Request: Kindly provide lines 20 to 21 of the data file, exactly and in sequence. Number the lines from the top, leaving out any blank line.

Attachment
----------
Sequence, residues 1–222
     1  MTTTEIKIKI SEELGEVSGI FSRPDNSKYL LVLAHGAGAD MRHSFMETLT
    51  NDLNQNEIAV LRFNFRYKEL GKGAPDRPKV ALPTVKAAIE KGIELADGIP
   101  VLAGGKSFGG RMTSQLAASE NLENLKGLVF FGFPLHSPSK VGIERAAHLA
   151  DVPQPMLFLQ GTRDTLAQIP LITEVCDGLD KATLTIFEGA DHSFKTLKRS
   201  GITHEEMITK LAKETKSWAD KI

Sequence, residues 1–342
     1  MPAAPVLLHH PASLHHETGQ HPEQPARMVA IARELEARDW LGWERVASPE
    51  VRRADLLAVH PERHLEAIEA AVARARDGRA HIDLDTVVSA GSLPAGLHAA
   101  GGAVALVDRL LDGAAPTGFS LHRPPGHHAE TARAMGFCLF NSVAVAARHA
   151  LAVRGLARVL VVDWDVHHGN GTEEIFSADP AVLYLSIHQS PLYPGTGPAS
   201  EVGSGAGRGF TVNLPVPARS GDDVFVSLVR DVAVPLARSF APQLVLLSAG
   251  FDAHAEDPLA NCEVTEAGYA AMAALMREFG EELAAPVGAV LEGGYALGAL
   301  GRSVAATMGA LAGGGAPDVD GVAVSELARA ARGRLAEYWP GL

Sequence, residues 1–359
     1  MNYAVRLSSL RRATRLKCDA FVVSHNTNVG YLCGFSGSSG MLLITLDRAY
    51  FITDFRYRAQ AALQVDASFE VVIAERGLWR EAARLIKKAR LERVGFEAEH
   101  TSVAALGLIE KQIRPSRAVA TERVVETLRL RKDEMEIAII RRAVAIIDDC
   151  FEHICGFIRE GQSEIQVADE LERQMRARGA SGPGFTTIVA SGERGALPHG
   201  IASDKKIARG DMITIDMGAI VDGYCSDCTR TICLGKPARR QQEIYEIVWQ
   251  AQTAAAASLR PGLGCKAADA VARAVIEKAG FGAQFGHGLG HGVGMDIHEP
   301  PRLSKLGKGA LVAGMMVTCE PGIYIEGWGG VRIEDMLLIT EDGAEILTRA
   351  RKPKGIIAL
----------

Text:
   201  IASDKKIARG DMITIDMGAI VDGYCSDCTR TICLGKPARR QQEIYEIVWQ
   251  AQTAAAASLR PGLGCKAADA VARAVIEKAG FGAQFGHGLG HGVGMDIHEP